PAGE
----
Israel is currently testing a new armored vehicle prototype that uses a wide array of modern technology, most notably an Xbox controller that allows soldiers to perform combat functions as if they were playing a video game.
According to The Washington Post, the tank was developed by Israel Aerospace Industries (IAI), which employed the feedback of both active Israeli Defense Force (IDF) soldiers and teenage civilians to develop a system familiar to younger generations. In addition to the Xbox controller, the prototype also features large tablets for displaying information that would be common in any modern first-person shooter, like a map, ammo supplies, and available weaponry.
“It’s not exactly like playing Fortnite, but something like that, and amazingly they bring their skills to operational effectiveness in no time,” Israeli battalion commander Col. Udi Tzur told The Washington Post of soldiers who tested the system. “I’ll tell you the truth, I didn’t think it could be reached so quickly.”
Meir Shabtai, general manager of IAI’s robotic systems operations, had a more chilling take on what soldiers’ familiarity with Xbox controllers can bring to combat: “They know exactly the position of those buttons, and they can reach much better performances with that system. The controller is just the interface, the whole idea is to present a sophisticated technology in a way they can deal with.”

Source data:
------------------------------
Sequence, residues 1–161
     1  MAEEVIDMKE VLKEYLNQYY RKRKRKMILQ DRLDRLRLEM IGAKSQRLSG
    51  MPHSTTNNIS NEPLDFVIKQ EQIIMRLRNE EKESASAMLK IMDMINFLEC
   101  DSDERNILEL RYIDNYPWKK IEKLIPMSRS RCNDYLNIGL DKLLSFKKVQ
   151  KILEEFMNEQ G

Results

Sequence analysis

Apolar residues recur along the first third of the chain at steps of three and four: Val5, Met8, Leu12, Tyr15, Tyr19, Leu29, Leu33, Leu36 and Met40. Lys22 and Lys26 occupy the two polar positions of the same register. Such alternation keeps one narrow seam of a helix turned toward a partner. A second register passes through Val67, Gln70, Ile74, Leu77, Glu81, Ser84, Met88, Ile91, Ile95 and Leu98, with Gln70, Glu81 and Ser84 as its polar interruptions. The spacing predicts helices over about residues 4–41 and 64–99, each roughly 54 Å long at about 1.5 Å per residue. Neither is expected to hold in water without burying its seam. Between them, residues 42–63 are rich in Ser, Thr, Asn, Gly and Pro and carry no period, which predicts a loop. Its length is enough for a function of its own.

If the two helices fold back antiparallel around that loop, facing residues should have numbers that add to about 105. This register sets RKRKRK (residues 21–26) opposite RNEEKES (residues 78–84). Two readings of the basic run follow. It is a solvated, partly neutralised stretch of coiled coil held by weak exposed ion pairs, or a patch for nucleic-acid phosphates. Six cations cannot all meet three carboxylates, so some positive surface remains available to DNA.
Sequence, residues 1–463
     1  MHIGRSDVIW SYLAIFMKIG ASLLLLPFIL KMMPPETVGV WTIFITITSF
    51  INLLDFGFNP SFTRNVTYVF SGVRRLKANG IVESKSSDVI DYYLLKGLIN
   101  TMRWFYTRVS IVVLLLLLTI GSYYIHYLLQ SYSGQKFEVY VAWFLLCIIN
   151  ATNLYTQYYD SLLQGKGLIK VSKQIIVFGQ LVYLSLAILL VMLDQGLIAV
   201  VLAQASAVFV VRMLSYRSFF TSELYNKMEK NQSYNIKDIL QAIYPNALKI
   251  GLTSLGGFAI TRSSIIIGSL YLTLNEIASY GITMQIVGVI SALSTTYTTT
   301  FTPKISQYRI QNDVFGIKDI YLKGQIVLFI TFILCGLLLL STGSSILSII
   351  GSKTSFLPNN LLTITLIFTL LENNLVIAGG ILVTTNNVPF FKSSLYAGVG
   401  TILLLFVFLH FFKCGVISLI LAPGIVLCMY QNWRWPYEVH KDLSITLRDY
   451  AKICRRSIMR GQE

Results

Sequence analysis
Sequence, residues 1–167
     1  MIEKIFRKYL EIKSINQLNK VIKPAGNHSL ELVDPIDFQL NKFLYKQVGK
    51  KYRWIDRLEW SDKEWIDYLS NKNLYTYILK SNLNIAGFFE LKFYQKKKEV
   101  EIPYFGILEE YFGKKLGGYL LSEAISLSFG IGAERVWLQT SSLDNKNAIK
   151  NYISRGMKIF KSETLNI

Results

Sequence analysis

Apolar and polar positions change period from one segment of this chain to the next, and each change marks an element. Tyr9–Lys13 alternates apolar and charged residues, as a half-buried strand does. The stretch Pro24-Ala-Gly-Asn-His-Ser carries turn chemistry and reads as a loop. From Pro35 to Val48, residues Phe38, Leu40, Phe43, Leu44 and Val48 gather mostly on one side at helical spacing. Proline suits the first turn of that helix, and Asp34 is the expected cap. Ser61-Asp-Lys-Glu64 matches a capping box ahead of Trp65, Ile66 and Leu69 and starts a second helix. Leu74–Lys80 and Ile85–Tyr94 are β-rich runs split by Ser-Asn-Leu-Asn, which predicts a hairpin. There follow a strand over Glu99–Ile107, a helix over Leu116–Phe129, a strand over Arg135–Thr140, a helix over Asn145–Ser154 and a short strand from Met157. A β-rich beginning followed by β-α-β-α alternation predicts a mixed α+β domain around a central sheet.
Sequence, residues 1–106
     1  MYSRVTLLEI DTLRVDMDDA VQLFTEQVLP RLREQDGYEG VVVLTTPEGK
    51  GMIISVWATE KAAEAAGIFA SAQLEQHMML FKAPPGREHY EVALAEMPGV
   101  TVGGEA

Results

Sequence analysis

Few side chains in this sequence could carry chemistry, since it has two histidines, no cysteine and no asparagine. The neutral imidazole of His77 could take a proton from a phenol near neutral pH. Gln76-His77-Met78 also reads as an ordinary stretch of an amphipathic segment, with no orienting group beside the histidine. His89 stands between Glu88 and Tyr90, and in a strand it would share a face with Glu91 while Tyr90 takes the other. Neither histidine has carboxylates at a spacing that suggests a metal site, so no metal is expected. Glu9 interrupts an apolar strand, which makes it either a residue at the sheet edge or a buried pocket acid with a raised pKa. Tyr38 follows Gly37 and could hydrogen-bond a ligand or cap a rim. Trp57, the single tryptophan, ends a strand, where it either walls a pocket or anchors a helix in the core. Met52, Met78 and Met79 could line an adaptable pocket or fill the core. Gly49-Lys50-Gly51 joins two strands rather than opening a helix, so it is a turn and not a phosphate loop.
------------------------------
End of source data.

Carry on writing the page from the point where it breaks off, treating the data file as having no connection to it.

Kotaku contacted Microsoft for comment but did not hear back before publication.
The only open conflict in which Israel currently finds itself is against the people of Palestine, many of whom are essentially confined to regions run like open-air prisons. They cannot travel freely. They are second-class citizens. Their protests against these conditions are met with overwhelming aggression by the IDF, which even targets children and medics while violently shutting down dissent. When global organizations like the United Nations take steps to curtail Israel’s human rights abuses, the United States is quick to step in and block them.
That’s all to say that we shouldn’t be making it easier or more comfortable to kill someone. The more we make war like Call of Duty, the more removed humans will be from the act of killing. The monitors and controllers that fill these vehicles serve as much as a barrier between the user and the people outside as the vehicles’ armor does. In the Carmel tank, we see the perfect encapsulation of concerns brought up during previous integrations of gaming technology with military equipment: weaponizing the inherent desensitization of video games to turn young men and women into more capable and efficient killers.
As weapons of war have become more sophisticated, so too have the ways in which world governments shield soldiers from the psychological reality of taking another human life. By combining this remove with the familiarity of a video game controller, armies are turning a hobby we love into a de facto training exercise, getting younger generations ready to mow down children or fight in the next world war. We should not be inured to this; we should be horrified.